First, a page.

Running queries from the MySQL Command Line

Posted in MySql -

The MySQL command line tool allows you to run queries and administer databases from the command line. In previous posts I have looked at the basics of using the MySQL command line tool and executing shell commands. In this post I will look at running queries and the output from these.

Running select queries

After you have logged into a database with the MySQL command line tool (covered in my using the MySQL command line tool post), you can run queries by simply typing them in at the command prompt. The query will not be executed until you either enter ; \g or \G and then press the <enter> key. This allows you to write a query across several lines and then execute it at the end by entering ; and then <enter>.

For example, if we have a table which stores country codes and names, we can query the data like so:

mysql> select country_code, name from countries order by name limit 0, 5;

The result set would then be displayed, showing something like below. It will be displayed in this horizontal format whether you use ; or \g to execute the query. We will look at what \G does in the next section below.

+--------------+----------------+
| country_code | name           |
+--------------+----------------+
| AF           | AFGHANISTAN    |
| AL           | ALBANIA        |
| DZ           | ALGERIA        |
| AS           | AMERICAN SAMOA |
| AD           | ANDORRA        |
+--------------+----------------+
5 rows in set (0.00 sec)

Displaying the result set vertically

If your query result contains a lot of columns then the data will wrap if it is too long. This can make it difficult to find the information you are looking for because the output can be quite messy. The MySQL command line tool allows you to show the output vertically which overcomes this issue, using \G to execute the query.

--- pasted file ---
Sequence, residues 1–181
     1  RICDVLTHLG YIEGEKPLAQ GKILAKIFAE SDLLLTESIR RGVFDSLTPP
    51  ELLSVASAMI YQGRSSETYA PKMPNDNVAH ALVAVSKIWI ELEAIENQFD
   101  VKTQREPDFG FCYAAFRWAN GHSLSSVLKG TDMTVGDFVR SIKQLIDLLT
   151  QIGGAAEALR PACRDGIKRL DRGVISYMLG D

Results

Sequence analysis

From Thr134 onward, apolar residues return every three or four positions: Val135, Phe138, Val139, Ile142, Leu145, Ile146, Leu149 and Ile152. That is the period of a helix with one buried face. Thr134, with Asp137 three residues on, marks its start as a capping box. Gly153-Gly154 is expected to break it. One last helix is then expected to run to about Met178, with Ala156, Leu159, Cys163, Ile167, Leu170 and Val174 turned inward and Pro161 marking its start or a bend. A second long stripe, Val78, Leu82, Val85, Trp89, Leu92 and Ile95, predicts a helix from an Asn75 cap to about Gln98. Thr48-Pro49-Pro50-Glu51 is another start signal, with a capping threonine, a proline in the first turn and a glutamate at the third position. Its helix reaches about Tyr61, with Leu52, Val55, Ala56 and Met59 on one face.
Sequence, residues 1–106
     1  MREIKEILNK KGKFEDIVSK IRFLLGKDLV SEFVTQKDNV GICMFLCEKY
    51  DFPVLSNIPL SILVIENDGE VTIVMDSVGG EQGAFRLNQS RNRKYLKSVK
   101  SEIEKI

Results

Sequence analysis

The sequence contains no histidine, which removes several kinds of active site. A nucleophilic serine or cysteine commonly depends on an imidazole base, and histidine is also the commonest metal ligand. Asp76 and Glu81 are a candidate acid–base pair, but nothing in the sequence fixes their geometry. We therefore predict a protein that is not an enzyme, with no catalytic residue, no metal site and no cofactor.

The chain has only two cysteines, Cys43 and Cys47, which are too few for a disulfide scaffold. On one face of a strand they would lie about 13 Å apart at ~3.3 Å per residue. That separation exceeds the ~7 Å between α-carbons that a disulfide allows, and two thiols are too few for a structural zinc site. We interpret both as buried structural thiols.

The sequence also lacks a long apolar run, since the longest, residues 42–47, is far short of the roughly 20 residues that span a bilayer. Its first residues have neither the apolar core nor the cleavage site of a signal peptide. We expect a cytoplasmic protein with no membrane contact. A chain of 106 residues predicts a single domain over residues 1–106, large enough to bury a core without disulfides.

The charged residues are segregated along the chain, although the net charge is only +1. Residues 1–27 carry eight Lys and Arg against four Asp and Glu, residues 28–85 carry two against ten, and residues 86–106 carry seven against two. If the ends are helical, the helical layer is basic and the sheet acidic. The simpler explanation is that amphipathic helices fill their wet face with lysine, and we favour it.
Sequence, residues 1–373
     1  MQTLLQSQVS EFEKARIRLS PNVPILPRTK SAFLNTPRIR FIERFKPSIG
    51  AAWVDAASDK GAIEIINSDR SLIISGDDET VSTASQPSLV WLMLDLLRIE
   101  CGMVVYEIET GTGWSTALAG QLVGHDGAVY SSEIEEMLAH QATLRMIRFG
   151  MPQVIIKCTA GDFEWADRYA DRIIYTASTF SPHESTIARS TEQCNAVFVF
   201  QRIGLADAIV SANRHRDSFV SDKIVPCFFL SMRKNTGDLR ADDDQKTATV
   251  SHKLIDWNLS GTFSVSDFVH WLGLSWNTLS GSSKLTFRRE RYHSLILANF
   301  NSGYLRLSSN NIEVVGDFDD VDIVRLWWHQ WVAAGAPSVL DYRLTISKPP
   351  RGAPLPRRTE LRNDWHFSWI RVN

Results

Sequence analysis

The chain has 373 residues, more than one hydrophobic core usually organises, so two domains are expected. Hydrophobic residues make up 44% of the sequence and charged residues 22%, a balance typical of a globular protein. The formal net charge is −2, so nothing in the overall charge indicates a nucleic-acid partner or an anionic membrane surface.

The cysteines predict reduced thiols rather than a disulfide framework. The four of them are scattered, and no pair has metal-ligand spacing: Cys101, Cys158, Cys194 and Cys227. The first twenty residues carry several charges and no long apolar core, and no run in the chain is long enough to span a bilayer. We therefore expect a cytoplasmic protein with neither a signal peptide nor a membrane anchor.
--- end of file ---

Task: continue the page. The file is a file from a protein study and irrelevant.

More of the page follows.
Running the same query as above with \G:

mysql> select country_code, name from countries order by name limit 0, 5\G

would look like this:

*************************** 1. row ***************************
country_code: AF
        name: AFGHANISTAN
*************************** 2. row ***************************
country_code: AL
        name: ALBANIA
*************************** 3. row ***************************
country_code: DZ
        name: ALGERIA
*************************** 4. row ***************************
country_code: AS
        name: AMERICAN SAMOA
*************************** 5. row ***************************
country_code: AD
        name: ANDORRA
5 rows in set (0.00 sec)

MySQL Command Line Tool History

The MySQL command line tool keeps a history of the SQL queries you have run. On a Linux/Unix machine this is stored in your home directory in the file .mysql_history. When you are in the MySQL command line tool, you can go back through this history by using the up and down arrow keys. The up arrow moves you back through the history and the down arrow forward through the history again.

Clearing the current query

If you navigate through the history but decide you don't want to run any of the queries, or if you've typed in a query that you decide you don't want to run after all, you don't need to use the backspace key to clear the query. Enter \c and then press <enter> and the query will be cleared without running.

Summary

The MySQL Command Line Tool is a useful way to run queries from the command line. It's easy to run select queries and display the results in either a horizontal or vertical format, and the queries run are kept in a history file which you can navigate through. If you don't want to run a particular query after all you can use the \c command to clear it. In the next post I will look at displaying database tables and table structure with the MySQL command line tool.



Related posts:


Comments